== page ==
|Charles Koch Foundation||$2,419,264|
|Searle Freedom Trust||$1,551,000|
|Lynde and Harry Bradley Foundation||$1,375,000|
|Ed Uihlein Family Foundation||$1,000,000|
|John William Pope Foundation||$250,000|
|Adolph Coors Foundation||$230,000|
|Pierre F. and Enid Goodrich Foundation||$210,000|
|Dunn Foundation [DeSmogBlog profile]||$150,000|
|F.M. Kirby Foundation||$120,000|
|William H. Donner Foundation||$45,000|
|Bradley Impact Fund||$15,250|
|Charles Koch Institute||$6,400|
So you can start to look at these, and you can start to tie them together. The legal groups, all the same funders over and over again, bringing the cases and providing us orchestrated, orchestrated chorus of amici. Then the same group also funds the Federalist Society over here. The Washington Post wrote a big expose about this, and that made Leonard Leo a little hot, a little bit like a burned agent. So he had to jump out. And he went off to go do anonymously-funded voter suppression work. Guess who jumped in to take over the selection process in this case for Judge Barrett? Carrie Severino made the hop. So once again, ties right in together.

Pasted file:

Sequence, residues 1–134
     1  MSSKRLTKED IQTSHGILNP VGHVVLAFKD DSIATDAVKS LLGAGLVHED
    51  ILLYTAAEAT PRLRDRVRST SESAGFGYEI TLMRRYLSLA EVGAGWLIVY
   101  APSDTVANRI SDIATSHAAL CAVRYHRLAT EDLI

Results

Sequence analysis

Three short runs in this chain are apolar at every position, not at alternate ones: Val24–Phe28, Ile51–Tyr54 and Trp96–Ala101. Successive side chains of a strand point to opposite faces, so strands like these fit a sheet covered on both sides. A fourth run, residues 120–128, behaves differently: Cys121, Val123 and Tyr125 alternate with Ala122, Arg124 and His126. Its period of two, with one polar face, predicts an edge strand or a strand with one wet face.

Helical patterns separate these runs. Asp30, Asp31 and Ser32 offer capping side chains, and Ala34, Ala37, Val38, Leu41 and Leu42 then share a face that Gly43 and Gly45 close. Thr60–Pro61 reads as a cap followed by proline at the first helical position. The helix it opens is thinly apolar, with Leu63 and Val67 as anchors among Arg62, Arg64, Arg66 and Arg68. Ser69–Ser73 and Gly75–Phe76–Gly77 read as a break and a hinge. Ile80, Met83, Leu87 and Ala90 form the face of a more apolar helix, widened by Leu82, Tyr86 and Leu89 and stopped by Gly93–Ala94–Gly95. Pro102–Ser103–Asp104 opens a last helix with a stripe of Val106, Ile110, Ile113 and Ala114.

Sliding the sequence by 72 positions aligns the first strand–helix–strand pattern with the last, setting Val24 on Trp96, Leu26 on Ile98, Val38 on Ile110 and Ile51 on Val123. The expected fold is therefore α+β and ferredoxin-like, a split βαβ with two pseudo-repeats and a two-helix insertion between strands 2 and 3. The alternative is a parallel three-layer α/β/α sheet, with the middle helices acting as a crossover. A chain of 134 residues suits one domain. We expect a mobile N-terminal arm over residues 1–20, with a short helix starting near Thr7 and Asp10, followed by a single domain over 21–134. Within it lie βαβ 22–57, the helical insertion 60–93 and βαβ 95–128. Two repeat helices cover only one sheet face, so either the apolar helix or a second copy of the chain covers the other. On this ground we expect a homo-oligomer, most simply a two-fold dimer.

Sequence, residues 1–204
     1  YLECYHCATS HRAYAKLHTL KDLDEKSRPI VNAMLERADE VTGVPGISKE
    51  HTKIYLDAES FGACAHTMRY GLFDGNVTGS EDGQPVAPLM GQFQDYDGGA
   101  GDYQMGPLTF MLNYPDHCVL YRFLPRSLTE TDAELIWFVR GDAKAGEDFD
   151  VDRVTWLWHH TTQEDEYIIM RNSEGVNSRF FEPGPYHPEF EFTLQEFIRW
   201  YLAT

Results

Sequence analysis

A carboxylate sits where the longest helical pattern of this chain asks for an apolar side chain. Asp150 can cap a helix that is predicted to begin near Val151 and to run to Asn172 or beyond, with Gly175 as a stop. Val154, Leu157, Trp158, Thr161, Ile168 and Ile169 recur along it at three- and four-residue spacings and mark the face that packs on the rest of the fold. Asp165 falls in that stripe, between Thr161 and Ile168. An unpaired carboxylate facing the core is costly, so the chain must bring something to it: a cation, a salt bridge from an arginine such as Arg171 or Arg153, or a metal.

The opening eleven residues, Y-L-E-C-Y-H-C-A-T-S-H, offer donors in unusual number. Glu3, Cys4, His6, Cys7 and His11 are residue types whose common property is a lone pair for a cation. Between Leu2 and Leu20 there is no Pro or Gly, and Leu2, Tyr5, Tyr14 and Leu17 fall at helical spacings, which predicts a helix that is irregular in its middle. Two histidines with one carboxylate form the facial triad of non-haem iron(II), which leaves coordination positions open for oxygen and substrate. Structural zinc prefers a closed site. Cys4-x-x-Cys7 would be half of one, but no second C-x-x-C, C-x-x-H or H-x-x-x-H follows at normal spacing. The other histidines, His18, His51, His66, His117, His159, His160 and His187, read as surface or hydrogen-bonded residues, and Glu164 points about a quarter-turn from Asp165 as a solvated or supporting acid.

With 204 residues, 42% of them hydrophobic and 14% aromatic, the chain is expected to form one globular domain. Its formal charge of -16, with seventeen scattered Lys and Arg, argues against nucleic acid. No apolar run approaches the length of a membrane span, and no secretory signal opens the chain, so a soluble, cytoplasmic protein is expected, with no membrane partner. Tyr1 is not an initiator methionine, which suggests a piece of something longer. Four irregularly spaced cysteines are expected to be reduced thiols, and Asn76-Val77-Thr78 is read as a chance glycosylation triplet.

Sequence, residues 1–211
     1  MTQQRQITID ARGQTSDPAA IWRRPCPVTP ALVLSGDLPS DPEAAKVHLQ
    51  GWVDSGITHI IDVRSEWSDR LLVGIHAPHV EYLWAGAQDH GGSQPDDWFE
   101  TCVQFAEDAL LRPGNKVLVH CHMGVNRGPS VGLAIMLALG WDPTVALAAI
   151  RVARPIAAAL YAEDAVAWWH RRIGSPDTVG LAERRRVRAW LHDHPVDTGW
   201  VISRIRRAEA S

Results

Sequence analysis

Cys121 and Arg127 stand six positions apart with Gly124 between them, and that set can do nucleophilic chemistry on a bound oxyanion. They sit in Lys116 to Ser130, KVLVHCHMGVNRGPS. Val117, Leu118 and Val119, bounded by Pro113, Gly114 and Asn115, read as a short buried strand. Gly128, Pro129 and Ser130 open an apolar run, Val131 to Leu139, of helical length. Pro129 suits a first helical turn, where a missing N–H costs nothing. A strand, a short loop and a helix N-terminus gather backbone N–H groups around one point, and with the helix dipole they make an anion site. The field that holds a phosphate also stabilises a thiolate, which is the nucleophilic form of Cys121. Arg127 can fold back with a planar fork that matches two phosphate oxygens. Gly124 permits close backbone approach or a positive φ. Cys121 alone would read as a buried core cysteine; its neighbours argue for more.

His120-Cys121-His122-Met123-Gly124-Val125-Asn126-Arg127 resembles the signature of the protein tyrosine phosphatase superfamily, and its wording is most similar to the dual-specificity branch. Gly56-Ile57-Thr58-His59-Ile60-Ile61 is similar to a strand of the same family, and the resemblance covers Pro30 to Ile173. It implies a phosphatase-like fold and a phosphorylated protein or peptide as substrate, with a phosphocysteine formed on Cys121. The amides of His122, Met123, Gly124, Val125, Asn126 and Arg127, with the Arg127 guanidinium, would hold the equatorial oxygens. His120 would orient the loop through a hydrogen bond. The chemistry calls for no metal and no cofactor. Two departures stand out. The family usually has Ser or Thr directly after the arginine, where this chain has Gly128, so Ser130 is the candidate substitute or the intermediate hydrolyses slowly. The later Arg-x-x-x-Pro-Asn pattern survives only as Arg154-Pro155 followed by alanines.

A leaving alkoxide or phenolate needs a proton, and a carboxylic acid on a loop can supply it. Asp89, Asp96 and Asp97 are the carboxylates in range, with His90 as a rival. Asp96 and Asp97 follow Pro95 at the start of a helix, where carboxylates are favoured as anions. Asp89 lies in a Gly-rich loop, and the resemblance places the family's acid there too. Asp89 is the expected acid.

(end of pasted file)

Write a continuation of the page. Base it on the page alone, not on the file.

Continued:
So, the Center for Media and Democracy did a little bit more research. Here's a Bradley Foundation memo that they've published. The Bradley Foundation is reviewing a grant application asking for money for this orchestrated amicus process, and what do they say in the staff recommendation? It is important to orchestrate -- their word, not mine -- important to orchestrate high-caliber amicus efforts before the Court.
Note the Contact listed in that proposal: Neil Corkery, a dark money financier with ties to: the 45 alliance | the Judicial Crisis Network (JCN) | the Wellspring Committee (a funder of JCN) | Public Interest Legal Foundation | ...